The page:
Assume further that the court aggregates the several judges' individual votes by a majority decision rule. The result in this case is anomalous. The group's aggregate judgment endorses both premises but rejects the conclusion. This set of collective judgments is inconsistent, because, given the indicated legal doctrine, the conclusion logically follows from the premises. Yet the group endorses the premises but rejects the conclusion.
This kind of outcome has led theorists to reflect on the range of possible aggregation procedures, where an aggregation procedure is a rule by which a group generates collectively endorsed beliefs or judgments on the basis of its members' individual beliefs or judgments. Various questions can be asked about judgment aggregation procedures, questions of interest to social epistemology. One question is whether each possible procedure preserves rationality at the group level. A different question concerns the truth-conducive properties of each procedure. These types of questions are currently under intensive investigation.
Christian List and Philip Pettit (2002, 2004) have proved some interesting impossibility theorems, analogous to Kenneth Arrow's (1963) impossibility theorem that launched social choice theory. Here is an example of such an impossibility result pertaining to group rationality (List 2005). Consider any group of two or more individuals that must make judgments on a set of non-trivially interconnected propositions, as in the tort liability example. A set of judgments is called rational if and only if it is consistent and complete (in specified senses of these terms). Assume that each individual makes a rational set of judgments on these propositions. Then the following impossibility theorem holds for the collective judgments: No aggregation procedure exists that generates collective judgments from individual judgments that satisfies both the constraint of rationality plus the following three conditions: (a) universal domain, (b) anonymity, and (c) systematicity (List and Pettit 2002). Universal domain is the condition that a procedure accepts as admissible input any possible combinations of complete and consistent individual judgments on the propositions. Anonymity is the condition that the judgments of all individuals have equal weight in determining the collective judgments. Systematicity is the condition that the collective judgment on each proposition depends only on the individual judgments on that proposition, and the same pattern of dependence holds for all propositions. The theorem implies that majority voting does not satisfy these conditions, and no other procedure does so either. This has the flavor of a paradox, because it ostensibly demonstrates an inherent but surprising difficulty in generating rational judgments at the collective level. Of course, the impossibility result can be avoided if some of these conditions are relaxed. But related impossibility theorems have also been proved (Dietrich 2006), and it's of theoretical interest to see which sets of conditions are or are not jointly satisfiable. In the next section we note that these questions might also have a bearing on matters of institutional design.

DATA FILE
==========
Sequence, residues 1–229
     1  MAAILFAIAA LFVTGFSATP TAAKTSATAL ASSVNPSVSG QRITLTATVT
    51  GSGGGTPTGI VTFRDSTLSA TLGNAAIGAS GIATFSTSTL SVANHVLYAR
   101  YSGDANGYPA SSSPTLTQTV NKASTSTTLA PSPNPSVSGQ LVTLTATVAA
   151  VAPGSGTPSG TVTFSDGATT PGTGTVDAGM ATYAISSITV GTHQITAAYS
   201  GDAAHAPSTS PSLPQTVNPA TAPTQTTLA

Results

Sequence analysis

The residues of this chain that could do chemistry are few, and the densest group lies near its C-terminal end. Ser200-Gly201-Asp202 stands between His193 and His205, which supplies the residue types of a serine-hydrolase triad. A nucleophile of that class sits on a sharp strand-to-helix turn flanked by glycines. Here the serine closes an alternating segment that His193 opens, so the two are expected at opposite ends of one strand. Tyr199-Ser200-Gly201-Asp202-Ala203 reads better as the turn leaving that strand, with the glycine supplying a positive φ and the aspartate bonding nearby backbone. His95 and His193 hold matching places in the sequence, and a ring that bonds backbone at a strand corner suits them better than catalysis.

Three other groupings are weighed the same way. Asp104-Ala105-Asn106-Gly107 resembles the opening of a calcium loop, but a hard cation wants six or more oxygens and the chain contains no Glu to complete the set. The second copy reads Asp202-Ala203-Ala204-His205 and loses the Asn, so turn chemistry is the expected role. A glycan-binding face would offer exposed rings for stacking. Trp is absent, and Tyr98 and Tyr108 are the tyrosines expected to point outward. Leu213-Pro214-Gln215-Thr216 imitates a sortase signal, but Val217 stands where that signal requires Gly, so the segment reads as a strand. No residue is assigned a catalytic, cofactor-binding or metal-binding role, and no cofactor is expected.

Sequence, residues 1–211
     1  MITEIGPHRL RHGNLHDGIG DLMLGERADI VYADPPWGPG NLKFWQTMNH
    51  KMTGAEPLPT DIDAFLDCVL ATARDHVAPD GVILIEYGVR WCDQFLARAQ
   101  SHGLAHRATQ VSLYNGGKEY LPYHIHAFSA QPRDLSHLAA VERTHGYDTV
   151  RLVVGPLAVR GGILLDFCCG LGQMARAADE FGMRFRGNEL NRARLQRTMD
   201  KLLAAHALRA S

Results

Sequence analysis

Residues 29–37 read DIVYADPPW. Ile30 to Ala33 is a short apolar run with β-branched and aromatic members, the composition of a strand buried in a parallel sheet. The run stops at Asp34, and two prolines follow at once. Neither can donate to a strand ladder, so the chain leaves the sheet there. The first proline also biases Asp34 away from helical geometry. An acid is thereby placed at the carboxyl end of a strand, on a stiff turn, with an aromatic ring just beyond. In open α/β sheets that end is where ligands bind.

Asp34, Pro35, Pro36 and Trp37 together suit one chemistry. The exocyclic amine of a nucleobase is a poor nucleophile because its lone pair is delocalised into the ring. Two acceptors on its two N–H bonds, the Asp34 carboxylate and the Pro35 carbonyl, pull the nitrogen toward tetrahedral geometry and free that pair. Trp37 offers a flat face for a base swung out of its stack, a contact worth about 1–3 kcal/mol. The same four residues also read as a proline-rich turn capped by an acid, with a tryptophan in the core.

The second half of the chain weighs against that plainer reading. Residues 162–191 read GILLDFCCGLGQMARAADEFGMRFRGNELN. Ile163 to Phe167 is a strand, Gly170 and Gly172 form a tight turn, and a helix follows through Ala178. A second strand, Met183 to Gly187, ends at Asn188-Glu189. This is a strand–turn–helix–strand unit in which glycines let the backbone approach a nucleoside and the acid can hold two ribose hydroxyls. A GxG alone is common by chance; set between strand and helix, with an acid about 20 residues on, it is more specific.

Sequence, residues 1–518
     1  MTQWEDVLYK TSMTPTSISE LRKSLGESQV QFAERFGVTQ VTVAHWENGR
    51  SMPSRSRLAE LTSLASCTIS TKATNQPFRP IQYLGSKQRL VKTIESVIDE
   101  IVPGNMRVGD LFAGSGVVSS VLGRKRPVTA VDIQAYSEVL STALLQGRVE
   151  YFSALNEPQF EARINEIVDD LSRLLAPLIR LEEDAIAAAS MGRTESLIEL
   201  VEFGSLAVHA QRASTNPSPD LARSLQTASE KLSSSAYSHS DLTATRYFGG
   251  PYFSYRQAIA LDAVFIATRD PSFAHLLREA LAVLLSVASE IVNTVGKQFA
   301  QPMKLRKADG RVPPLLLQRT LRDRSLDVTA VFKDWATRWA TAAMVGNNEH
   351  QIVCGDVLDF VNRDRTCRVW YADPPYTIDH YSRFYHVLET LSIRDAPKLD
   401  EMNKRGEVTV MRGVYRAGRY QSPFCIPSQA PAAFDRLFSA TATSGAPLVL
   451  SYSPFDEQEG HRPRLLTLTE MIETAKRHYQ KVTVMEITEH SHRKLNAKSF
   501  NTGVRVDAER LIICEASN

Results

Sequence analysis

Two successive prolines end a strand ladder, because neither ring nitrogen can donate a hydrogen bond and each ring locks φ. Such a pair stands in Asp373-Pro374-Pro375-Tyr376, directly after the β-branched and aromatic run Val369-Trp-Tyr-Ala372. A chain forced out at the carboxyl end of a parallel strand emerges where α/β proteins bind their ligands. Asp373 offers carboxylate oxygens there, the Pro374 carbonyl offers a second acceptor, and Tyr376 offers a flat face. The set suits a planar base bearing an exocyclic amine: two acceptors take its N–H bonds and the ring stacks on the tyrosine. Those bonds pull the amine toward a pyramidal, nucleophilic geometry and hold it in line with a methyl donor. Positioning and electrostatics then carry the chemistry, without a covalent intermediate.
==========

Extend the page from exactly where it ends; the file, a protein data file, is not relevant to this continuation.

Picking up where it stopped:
The proper function of forensic science is to extract the truth. This function, unfortunately, is not well served by current practice. Saks et al. (2001: 28) write: "As it is practiced today, forensic science does not extract the truth reliably. Forensic science expert evidence that is erroneous (that is, honest mistakes) and fraudulent (deliberate misrepresentation) has been found to be one of the major causes, and perhaps the leading cause, of erroneous convictions of innocent persons." One rogue scientist engaged in rampant falsification for 15 years, and another faked more than 100 autopsies on unexamined bodies and falsified dozens of toxicology and blood reports (Kelly and Wearne 1998; Koppl 2006, Other Internet Resources). Shocking cases are found in more than one country.